Despite the cost and controversy associated with it, the California Legislature recently reauthorized the state’s first-in-the-nation cap-and-trade system for another 10 years, until 2030.
The reauthorization fulfills one of the major policy goals of Gov. Jerry Brown, who is looking to cement his historical legacy on the environment, in part, through the reauthorization of this far-reaching greenhouse gas emission program.
However, critics have charged that the motivations behind cap-and-trade system have less to do with protecting California’s environment for future generations and more to do with the huge revenue streams the program brings with it.
California has already collected some $3.4 billion from cap-and-trade auctions since the state Legislature implemented the program in 2012, with much of that money directed to politically favored projects. And now, in order to ensure the passage of the cap-and-trade reauthorization bill, AB398, Gov. Brown and his allies in the Legislature loaded it up with exemptions and sweeteners for favored industries, angering a diverse set of interest groups and activists in the process.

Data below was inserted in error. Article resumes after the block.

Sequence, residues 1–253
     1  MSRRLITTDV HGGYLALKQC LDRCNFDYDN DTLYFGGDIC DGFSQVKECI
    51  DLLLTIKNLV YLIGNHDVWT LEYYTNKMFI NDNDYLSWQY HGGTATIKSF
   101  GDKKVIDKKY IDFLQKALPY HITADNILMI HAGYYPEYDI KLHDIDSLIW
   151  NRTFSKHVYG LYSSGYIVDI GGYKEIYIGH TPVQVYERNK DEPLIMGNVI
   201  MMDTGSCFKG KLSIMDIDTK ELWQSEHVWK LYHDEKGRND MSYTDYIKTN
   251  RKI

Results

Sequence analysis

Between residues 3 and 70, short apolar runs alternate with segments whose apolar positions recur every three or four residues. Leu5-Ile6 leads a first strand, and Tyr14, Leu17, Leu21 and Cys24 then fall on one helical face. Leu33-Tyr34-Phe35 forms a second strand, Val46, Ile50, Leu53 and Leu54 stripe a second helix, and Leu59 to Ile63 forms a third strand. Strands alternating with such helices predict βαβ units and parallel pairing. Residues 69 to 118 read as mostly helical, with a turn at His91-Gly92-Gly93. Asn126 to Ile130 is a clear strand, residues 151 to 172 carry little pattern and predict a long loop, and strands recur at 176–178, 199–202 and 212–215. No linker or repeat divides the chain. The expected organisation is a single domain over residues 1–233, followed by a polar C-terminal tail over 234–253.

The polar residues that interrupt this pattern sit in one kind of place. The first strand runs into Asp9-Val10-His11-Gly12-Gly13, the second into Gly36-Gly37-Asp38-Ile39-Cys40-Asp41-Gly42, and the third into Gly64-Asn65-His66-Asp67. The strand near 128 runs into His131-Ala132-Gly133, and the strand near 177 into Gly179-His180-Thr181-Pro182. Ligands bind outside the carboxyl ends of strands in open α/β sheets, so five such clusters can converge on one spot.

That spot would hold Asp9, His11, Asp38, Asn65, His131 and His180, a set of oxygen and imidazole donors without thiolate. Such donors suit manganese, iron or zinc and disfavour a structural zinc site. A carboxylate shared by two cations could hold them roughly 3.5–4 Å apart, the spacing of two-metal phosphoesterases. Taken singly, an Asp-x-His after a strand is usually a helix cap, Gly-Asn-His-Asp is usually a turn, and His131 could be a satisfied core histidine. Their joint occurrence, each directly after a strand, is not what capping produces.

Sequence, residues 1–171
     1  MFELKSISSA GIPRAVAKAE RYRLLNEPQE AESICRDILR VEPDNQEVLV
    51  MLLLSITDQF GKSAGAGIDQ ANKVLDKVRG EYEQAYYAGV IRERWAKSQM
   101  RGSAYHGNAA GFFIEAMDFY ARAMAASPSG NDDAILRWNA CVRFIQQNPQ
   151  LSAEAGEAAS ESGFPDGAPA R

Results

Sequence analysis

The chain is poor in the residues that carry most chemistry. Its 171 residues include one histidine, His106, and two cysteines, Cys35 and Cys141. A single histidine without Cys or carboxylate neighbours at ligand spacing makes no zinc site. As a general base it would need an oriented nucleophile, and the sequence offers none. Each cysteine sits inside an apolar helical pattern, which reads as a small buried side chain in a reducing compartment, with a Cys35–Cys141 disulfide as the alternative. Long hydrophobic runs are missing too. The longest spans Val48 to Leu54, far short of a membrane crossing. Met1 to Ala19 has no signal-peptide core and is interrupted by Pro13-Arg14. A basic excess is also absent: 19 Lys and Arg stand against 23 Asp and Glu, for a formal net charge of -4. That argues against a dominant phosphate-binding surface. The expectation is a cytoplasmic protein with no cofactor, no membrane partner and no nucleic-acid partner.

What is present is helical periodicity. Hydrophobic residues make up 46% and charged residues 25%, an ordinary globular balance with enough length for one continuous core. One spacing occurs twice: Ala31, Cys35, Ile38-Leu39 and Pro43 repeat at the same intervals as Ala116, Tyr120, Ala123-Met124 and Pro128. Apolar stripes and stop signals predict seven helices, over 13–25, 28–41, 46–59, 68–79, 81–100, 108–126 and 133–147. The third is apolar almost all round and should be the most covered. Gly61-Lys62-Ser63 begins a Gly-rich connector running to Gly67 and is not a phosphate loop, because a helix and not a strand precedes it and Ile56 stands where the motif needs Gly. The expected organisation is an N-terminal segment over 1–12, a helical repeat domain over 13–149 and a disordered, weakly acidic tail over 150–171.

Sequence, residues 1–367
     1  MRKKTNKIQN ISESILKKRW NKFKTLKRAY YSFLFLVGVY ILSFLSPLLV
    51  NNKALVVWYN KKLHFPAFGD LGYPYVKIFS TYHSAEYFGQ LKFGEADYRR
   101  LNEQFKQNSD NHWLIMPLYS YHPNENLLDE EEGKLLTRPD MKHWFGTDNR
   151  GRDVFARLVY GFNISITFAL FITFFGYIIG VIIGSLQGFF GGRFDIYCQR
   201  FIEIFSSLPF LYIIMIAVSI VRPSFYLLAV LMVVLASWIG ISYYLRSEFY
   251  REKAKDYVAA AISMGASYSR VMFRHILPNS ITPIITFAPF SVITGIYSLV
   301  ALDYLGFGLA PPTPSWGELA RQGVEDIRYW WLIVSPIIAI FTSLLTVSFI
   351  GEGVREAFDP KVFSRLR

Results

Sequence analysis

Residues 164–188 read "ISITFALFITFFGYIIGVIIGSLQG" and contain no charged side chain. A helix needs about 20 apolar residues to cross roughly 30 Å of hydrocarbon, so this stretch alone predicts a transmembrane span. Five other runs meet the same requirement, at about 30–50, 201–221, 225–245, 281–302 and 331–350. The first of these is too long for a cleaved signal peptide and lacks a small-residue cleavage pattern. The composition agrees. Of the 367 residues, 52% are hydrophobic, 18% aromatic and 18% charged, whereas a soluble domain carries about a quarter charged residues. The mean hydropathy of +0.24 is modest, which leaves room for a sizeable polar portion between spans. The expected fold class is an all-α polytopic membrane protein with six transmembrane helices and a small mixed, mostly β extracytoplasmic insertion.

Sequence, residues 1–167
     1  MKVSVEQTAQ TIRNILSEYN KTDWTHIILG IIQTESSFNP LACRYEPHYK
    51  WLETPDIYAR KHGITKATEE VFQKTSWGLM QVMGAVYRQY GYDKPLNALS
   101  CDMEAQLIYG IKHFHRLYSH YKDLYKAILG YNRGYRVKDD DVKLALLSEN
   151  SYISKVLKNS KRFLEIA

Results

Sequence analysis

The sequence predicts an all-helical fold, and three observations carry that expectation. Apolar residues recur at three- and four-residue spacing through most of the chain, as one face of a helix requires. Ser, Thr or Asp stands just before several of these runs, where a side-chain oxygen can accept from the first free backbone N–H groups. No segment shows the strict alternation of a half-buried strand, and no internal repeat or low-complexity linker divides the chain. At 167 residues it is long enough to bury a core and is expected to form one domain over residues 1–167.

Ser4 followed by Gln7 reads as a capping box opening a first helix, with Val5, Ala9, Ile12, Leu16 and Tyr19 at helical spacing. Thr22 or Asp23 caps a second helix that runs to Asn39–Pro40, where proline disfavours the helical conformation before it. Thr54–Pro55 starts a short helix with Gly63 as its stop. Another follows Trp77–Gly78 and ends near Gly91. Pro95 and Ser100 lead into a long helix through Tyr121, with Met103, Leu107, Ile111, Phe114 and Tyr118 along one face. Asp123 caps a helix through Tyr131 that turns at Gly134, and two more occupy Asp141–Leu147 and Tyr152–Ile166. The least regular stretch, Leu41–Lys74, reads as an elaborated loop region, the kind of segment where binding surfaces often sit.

“This is what good government looks like,” said Gov. Brown in a statement following cap-and-trade’s final passage.
Others see it quite differently.
Cap-and-trade, which caps greenhouse gas emissions in the state, and auctions off emitting rights to industry, has already hit small businesses and consumers hard through increased fuel costs. Reauthorization will further raise California’s gas prices, already some of the highest in the nation, by 15 to 64 cents a gallon by 2021, according to the nonpartisan Legislative Analyst’s Office. The gas tax increases could potentially cost consumers as much as $2 billion a year.
“The way the deals were cut … cutting out small businesses, cutting out working families, who are trying to just live their lives, is a very frustrating state of public policy,” said Shawn Lewis, communications director for the California National Federation of Independent Businesses.
While small businesses aren’t happy, the Legislature gave away exemptions to lessen the impact on some larger industries. A partial sales tax exemption for manufacturers, for example, was extended past its initial 2022 expiration date and was expanded to include power companies and agricultural businesses. Lawmakers also suspended a special fire prevention fee on rural landowners. They included those measures to help get…